On the Drawing Board: Freedom versus Safety
The restrictions and demand for social isolation during the Covid-19 pandemic provide a deeper perspective for a designer as regards the special needs of nursing home residents, say Kirsti Sivén and Asko Takala.
In the series “On the Drawing Board”, we ask architects to share their thoughts related to ongoing projects.
March 2020. We isolate ourselves away from the outside world and carry out remote work at home. We eat takeaway food and when going for a walk, we avoid passers-by on the street. On the drawing board, we have a large senior centre to be designed for the Koskela Hospital area in Helsinki. In addition to a service centre, it will have more than 200 residents who need caring around the clock. This is not about a community of independent and active pensioners, but residents who have so many mobility and sensory restrictions, as well as memory disorders, that they are unable to cope at their homes, even though they would be assisted by the home-help services. An old people’s home has been replaced with a lively concept of a senior centre, and institutional care has become assisted sheltered housing. All the same, these are people whose possibilities of deciding on their privacy and freedom of movement have decreased.
The conflicting aspects of freedom and safety pose a problem that has already been tackled in the design of everyday environments for those with a memory disorder long before the pandemic. An environment which looks familiar and is easy to use, which activates the memory and senses and in which the resident can move freely but safely, has been a guideline for the design of nursing homes for a long time, but the pandemic has made it more topical: forced loneliness and isolation have the greatest effect on the weakest and most fragile people. Regardless of ideals, nursing homes have often been designed pseudo-efficiently, by locating the residents’ rooms that “guarantee privacy” side by side along a corridor, in the same manner as at hotels, hospitals and prisons. The necessary shared facilities are usually located at the ends of the corridors, in “peaceful locations”.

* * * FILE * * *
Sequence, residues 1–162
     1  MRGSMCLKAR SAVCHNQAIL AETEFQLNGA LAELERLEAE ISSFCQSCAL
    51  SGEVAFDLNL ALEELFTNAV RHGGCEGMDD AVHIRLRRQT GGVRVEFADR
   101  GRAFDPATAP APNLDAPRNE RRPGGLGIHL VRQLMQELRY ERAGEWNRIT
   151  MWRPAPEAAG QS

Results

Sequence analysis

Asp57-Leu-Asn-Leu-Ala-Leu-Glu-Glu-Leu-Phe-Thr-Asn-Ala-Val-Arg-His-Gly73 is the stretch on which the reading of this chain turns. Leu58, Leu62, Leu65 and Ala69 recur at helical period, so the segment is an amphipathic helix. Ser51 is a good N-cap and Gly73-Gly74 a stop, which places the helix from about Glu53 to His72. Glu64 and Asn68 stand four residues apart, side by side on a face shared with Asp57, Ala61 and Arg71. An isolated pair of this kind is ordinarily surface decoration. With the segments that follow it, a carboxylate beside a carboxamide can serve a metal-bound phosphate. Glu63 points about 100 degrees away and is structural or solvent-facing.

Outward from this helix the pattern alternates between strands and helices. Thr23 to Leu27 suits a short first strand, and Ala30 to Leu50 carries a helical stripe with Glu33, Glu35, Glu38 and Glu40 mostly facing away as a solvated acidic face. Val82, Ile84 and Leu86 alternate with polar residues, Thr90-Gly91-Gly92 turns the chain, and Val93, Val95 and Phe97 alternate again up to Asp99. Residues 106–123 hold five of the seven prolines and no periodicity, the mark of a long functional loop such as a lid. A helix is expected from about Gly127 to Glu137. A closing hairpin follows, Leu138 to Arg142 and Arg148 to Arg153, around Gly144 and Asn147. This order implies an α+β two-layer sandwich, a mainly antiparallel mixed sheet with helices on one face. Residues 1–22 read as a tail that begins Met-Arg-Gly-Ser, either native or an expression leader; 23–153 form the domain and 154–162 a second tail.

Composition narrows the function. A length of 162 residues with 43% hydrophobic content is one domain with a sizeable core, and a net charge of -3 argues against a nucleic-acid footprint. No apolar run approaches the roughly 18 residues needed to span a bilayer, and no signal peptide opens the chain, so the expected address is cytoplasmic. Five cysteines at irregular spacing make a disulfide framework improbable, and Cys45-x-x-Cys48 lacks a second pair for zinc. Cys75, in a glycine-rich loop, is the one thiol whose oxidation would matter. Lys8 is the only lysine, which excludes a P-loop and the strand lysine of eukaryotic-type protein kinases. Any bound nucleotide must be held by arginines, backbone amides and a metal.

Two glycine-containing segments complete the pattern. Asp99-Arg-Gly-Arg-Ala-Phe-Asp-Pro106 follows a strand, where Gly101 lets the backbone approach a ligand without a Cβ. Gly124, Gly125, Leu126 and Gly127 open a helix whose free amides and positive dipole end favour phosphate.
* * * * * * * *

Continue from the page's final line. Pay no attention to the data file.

The basic unit of nursing homes is a group home for 6–8 residents. It is like a shared flat where the residents are not allowed to choose their flatmates. Still, the freedom of choosing between privacy and communality is also a fundamental right for nursing home residents. The private space of residents – their rooms – should be in a suitable proportion to the shared recreational and meal facilities of the group home in such a way that residents are able to observe events taking place in the shared facilities from their own doors and then decide whether they want to join or withdraw to their rooms.